As Advent approaches, a friar recommends relating to others with charity and honesty. In this reflection, David McBriar, OFM, urges readers to never give in to hatred and violence.
“Fear not…be not discouraged.” (Zephaniah 3:15) “Dismiss all anxiety from your minds…Then God’s own peace, which is beyond all understanding will stand guard over your hearts and minds, in Christ Jesus.” (Phil. 4:5)
“Be not afraid” is also Jesus’ frequent message to his disciples. These words contain a frank recognition that fear is part of life. When danger looms, we fear for the safety of our loved ones and for ourselves. A recent poll has shown that Americans have greater fear now than the fear we had following 9-11.
Fear often drives us to easily caricature or condemn people who are different from us. African Americans, Asian Americans, people from Mexico and other Hispanic backgrounds, followers of Islam, are too often stereotyped. As Christians, we resist such stereotypes supporting laws and practices that honor the dignity of all people. In these days – because of fear – there is an illusion that more assault weapons in our homes and in our public places will make us safe. If we follow that belief, we will not only live in the midst of growing violence but we will also abandon our commitment to the Prince of Peace.
Because of fear, many people demonize the refugees and immigrants. Welcoming refugees and strangers in need is a God-given task. We do well to look to Canada, our neighbor. Welcoming the refugee and the stranger in need is not without risks, but doing it can help us overcome our lingering fears or at least put those fears in perspective. Refugees are not strangers but are much like us — seeking freedom from terrorism, safety for their families, and a chance to live in peace. Jesus was once a refugee in a foreign land. And can we ignore the rich biblical injunctions to welcome the stranger?
Welcoming the refugee and the stranger in need is not without risks, but doing it can help us overcome our lingering fears or at least put those fears in perspective. Refugees are not strangers but are much like us — seeking freedom from terrorism, safety for their families, and a chance to live in peace. Jesus was once a refugee in a foreign land. And can we ignore the rich biblical injunctions to welcome the stranger?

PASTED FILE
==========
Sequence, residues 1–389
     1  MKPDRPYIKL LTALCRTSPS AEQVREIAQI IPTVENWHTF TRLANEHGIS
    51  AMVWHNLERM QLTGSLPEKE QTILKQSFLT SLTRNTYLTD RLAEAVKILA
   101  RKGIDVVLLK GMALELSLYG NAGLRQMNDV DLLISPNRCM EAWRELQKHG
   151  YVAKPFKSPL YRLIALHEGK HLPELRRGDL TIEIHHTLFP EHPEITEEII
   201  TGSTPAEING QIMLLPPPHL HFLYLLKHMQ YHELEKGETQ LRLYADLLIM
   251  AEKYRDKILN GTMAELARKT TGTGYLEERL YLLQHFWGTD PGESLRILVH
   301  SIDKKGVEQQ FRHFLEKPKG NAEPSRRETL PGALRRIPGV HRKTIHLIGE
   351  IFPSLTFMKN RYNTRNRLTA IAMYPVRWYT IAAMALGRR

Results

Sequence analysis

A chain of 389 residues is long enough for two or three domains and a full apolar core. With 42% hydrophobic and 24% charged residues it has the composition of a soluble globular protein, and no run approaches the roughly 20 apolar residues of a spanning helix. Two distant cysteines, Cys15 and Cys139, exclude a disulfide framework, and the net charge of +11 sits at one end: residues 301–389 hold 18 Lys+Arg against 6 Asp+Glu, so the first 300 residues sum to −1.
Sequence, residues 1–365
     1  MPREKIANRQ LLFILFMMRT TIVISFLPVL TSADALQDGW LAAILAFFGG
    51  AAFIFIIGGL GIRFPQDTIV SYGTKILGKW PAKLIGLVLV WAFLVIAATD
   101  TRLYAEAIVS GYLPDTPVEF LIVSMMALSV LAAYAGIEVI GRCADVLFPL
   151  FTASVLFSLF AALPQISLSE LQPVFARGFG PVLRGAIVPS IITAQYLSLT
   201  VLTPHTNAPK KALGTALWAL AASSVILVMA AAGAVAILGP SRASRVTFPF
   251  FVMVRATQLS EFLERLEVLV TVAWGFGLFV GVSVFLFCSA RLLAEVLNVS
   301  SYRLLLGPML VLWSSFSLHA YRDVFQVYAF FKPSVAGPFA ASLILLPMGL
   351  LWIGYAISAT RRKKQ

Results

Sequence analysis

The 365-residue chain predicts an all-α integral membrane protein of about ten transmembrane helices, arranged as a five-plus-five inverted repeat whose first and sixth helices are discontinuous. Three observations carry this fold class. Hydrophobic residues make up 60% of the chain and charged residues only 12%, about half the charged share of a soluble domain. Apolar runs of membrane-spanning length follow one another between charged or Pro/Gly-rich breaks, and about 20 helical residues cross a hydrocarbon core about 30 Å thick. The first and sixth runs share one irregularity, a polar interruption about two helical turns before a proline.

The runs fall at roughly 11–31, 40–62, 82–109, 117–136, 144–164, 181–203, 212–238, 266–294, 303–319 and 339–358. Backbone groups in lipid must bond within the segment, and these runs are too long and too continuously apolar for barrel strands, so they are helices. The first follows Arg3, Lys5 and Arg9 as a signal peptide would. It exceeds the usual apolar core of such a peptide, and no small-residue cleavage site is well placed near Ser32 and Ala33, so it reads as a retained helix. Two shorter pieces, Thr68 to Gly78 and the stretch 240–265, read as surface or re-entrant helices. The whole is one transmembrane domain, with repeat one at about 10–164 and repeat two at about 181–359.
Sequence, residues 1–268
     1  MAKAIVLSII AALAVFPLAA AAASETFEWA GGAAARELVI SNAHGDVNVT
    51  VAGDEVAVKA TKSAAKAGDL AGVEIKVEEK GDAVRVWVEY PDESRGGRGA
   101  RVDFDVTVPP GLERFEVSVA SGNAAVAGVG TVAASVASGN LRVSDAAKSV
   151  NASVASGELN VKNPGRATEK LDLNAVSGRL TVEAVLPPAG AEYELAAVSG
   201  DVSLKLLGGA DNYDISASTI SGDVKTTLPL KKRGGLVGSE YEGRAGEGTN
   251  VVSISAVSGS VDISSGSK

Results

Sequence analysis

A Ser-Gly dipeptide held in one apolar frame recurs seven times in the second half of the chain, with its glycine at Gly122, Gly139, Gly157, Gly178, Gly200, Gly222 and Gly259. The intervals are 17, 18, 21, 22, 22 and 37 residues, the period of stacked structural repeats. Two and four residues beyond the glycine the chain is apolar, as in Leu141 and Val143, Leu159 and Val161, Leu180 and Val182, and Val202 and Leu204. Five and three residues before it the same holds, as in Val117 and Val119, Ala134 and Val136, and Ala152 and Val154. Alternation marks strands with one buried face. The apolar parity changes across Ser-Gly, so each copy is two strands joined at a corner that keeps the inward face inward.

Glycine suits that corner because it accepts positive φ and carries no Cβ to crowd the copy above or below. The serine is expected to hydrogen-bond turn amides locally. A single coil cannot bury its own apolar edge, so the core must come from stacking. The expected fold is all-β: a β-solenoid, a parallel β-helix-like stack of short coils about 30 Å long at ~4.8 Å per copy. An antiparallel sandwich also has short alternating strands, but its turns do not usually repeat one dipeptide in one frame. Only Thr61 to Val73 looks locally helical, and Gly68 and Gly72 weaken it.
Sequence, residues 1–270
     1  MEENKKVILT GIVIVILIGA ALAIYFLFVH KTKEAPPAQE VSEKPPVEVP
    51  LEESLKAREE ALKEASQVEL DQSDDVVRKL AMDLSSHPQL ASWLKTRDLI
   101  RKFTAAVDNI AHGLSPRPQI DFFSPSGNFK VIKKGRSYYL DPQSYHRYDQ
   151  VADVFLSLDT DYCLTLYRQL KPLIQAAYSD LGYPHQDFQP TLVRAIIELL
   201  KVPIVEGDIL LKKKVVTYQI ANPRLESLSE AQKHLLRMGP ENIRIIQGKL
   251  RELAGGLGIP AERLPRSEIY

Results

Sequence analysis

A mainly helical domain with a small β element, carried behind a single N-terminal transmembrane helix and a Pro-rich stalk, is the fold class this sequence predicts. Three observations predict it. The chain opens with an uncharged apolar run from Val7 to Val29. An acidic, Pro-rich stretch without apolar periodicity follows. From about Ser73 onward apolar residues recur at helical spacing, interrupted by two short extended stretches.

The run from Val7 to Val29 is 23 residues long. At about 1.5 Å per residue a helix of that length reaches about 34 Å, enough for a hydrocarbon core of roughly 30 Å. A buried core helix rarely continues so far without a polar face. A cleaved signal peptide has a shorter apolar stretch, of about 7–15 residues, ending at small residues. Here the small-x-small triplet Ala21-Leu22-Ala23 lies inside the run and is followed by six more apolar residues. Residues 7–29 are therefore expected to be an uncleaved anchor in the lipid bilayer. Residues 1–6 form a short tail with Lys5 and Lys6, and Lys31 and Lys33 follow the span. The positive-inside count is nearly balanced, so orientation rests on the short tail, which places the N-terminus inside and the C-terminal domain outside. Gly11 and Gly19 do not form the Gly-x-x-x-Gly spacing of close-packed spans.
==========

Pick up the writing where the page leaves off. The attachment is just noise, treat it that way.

Let us help shape the character of our much-loved land not by abandoning our most cherished Christian convictions but by following the counsel of the prophet Micah, and now in our time the counsel of our Holy Father Pope Francis: “Act justly, love tenderly, walk humbly with your God.” At Christmas, God is saying to us: “Here I am.” In Christ, surely, but also in you, in your neighbor, in our world, in God’s creation.
Charity & Honesty
John the Baptist is a central character in Advent. He tells us to relate to others in charity and honesty.
“Let the man with two cloaks give to a person who has none. The man who has food should do the same.” (Lk 3:10) Thus, we retain what we need and provide our excess to satisfy the need of the one who has not. We are to be honest in our dealings. We should not rob others because we have the power or the ability to do so. We are not to use threats of violence and repressive occupation to extort what others need to live. We should be satisfied with what we have and not become anxious because another has more than we. (Lk 3:10-18)
And Paul writes: “Your kindness should be known to everyone.” Kindness, not the AK-47. The cross, and not the assault rifle, holds victory. The victory will be won within our hearts and our relationships. For the cross is not a sign of violence and murder. The cross is the sign and symbol of the victory of good, the victory of love over violence. It is an impossible fight unless the “peace of God that surpasses all understanding guards our hearts and minds in Christ Jesus.” (Phil 4:4-7)
Of course, we must defend our lives. But, we can never give in to hatred and violence. The mission given to each of us is to live our lives after the example of our Savior and to show the world that it is in living the Christian life that true human happiness is to be found. We do not pretend that being a Christian will make one wealthy, or give one higher status. What we believe is that by living in the way God asks of us, we can become the people he created us to be.
That is what God asks of each of us. That is our mission in the world. And if we live it faithfully, then all people will see in our way of life a way that will lead them also to the way, the truth and the life.
In Advent, we prepare to celebrate our Savior’s birth. The opening prayer for the 3rd Sunday of Advent calls us to celebrate Advent with thanksgiving and joy. And we all have need of joy in these fearful times. Try taking the word “joy” and speaking it. Speak it frequently. Speak it in the silence of your heart. Let it be the word for Christ. They are synonymous. Hear the word resound in your head and heart. “Joy.” And then the Christ you await will come to you, perhaps in a way as never before. And fear will have no hold over you.
— Fr. David, who professed his solemn vows as a Franciscan friar in 1968, is stationed at St. Francis of Assisi Parish-Friary in New York City.
Editor’s note: Friars interested in writing a reflection for HNP Today on a timely topic – a holiday, current event, holy day, or other seasonal themes – are invited to contact the HNP Communications Office at email@example.com. Additional reflections by friars can be found on the Spiritual Resources page of the HNP website.
- “My Franciscan Journey” by David McBriar, OFM – HNP website
- “N.C. Church Run Supports McBriar Fund” – July 1, 2009, HNP Today
- “David McBriar Celebrates Golden Jubilee” – Aug. 6, 2008, HNP Today